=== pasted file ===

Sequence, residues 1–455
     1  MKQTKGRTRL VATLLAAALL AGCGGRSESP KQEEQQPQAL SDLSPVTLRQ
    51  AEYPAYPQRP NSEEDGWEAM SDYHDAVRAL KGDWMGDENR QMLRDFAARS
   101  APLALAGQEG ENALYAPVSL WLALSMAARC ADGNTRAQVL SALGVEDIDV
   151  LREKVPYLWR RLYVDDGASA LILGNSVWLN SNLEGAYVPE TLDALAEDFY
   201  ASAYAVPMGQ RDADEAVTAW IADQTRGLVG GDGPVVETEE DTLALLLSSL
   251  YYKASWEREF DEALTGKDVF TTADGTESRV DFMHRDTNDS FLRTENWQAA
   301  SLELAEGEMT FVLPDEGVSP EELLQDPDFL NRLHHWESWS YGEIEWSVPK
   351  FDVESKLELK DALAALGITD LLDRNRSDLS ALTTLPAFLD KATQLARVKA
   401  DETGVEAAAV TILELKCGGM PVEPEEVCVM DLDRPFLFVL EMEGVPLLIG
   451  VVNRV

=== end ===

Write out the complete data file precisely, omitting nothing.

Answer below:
Sequence, residues 1–455
     1  MKQTKGRTRL VATLLAAALL AGCGGRSESP KQEEQQPQAL SDLSPVTLRQ
    51  AEYPAYPQRP NSEEDGWEAM SDYHDAVRAL KGDWMGDENR QMLRDFAARS
   101  APLALAGQEG ENALYAPVSL WLALSMAARC ADGNTRAQVL SALGVEDIDV
   151  LREKVPYLWR RLYVDDGASA LILGNSVWLN SNLEGAYVPE TLDALAEDFY
   201  ASAYAVPMGQ RDADEAVTAW IADQTRGLVG GDGPVVETEE DTLALLLSSL
   251  YYKASWEREF DEALTGKDVF TTADGTESRV DFMHRDTNDS FLRTENWQAA
   301  SLELAEGEMT FVLPDEGVSP EELLQDPDFL NRLHHWESWS YGEIEWSVPK
   351  FDVESKLELK DALAALGITD LLDRNRSDLS ALTTLPAFLD KATQLARVKA
   401  DETGVEAAAV TILELKCGGM PVEPEEVCVM DLDRPFLFVL EMEGVPLLIG
   451  VVNRV